What I learned at AMUG 2018!


Recently we were able to participate and attend the annual Additive Manufacturing User Group(AMUG) Conference. This was my first year attending and I had a blast! The booths were fun to explore with many different printers and complimentary solutions. In our booth we had a Stratasys F170 the first day and a Desktop Metal Studio printer the rest of the week. As complimentary solutions, we also had a Roland MDX-50 benchtop CNC milling machine, and a variety of Creaform 3D scanners. There were also many great presentations. Here are some notes on some of my favorites.

  1. 3D Printing is a Transformative Technology in Medicine by Shafkat Anwar from Washington University in St Louis School of Medicine

3D printing is being used for presurgical planning and saving lives because doctors are able to prepare for each individual surgery. This is giving patients and their families more confidence in the doctors and helping them understand the problems and solutions better.

  1. Additive Manufacturing Across Industry – The Good, The Bad, The Next Generation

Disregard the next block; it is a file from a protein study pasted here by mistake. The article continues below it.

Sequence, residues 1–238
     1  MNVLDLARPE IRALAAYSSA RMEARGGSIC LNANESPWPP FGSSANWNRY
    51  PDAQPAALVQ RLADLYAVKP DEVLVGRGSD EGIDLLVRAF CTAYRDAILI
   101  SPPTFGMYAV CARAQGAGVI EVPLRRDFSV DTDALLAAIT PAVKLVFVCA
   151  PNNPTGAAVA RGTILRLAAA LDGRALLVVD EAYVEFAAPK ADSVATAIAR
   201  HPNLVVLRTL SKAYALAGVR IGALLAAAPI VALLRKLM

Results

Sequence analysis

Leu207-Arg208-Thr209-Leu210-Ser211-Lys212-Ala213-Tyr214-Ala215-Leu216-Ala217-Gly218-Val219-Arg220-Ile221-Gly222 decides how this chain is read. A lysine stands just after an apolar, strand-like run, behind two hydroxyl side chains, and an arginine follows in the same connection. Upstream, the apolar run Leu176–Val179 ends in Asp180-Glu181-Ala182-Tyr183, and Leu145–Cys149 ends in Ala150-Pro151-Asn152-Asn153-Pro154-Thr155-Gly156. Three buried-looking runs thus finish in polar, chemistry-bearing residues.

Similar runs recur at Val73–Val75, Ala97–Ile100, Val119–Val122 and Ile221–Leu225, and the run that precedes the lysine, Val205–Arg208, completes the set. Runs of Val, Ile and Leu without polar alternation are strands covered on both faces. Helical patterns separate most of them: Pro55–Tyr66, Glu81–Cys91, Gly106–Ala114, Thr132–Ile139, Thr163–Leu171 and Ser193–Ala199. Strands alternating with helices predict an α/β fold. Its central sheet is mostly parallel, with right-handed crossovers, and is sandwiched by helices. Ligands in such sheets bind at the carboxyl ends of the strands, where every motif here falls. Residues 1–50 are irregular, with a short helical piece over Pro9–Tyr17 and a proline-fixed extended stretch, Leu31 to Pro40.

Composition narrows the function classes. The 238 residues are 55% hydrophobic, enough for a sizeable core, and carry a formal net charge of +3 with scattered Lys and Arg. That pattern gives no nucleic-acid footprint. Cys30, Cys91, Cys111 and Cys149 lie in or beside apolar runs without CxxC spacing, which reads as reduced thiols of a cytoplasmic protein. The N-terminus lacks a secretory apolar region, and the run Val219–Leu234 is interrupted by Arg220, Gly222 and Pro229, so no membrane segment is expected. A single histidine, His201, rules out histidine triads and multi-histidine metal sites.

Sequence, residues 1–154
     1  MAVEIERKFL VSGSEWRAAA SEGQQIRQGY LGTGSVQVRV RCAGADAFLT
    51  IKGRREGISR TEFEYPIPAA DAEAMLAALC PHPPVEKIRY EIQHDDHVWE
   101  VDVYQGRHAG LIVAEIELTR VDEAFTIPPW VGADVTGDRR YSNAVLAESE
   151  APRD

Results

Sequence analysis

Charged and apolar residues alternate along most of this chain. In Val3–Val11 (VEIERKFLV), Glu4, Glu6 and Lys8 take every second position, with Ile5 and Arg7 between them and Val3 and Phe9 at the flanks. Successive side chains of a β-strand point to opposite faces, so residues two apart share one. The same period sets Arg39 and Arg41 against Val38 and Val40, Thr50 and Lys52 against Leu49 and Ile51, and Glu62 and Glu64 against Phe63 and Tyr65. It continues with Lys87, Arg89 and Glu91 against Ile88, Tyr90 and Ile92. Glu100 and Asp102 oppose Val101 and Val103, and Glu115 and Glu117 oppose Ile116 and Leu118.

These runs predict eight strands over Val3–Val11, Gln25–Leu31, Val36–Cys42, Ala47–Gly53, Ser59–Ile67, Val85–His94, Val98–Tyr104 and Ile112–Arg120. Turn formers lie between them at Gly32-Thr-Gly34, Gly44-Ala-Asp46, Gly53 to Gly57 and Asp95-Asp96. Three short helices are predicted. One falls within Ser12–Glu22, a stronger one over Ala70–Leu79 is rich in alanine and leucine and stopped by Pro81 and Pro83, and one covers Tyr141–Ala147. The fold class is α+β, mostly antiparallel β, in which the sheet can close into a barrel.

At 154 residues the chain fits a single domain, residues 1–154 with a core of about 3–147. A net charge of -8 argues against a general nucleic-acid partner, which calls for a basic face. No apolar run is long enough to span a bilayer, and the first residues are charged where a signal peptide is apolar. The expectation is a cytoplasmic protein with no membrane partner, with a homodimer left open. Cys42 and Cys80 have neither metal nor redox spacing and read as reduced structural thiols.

This was a panel discussion with Michael Hayes from Boeing, Tracy Bailey from FedEx, Ellen Lee from Ford, Sameer Desai from Johnson & Johnson, and Aaron Frankel from Siemens. Here are some of the common thoughts across the different industries. While 3D printing allows for more complex parts, a lot of testing needs to be done to build confidence in additive manufacturing. This is especially important in aerospace and automotive industries. Another factor they all agreed with is that there needs to much more education in how to design for 3D printing.

  1. Hybrid Manufacturing of Bi-Metallic Liquid Rocket Engine Igniter by Steve Burlingame from NASA

This igniter has been test fired successfully 33 times by NASA MSFC in July 2017. The machine it was built on was a blown powder metal printer that had an integrated machining/grinding capability. It could also do a single build with multiple alloys!

  1. Foundry in a Box by Jack Ziemba from Aristo Cast

This was a fun hands on demo involving melting tin in a microwave. DON’T TRY AT HOME UNLESS YOU HAVE RESEARCHED HOW TO DO IT WITHOUT RUINING YOUR MICROWAVE!! To quote one of the presenters, “If you don’t do this right, you will be buying your EX-wife a new microwave.” We then used the molten tin to create investment castings and sand castings.

Chad Whitbeck
Reverse Engineering Specialist
Computer Aided Technology, Inc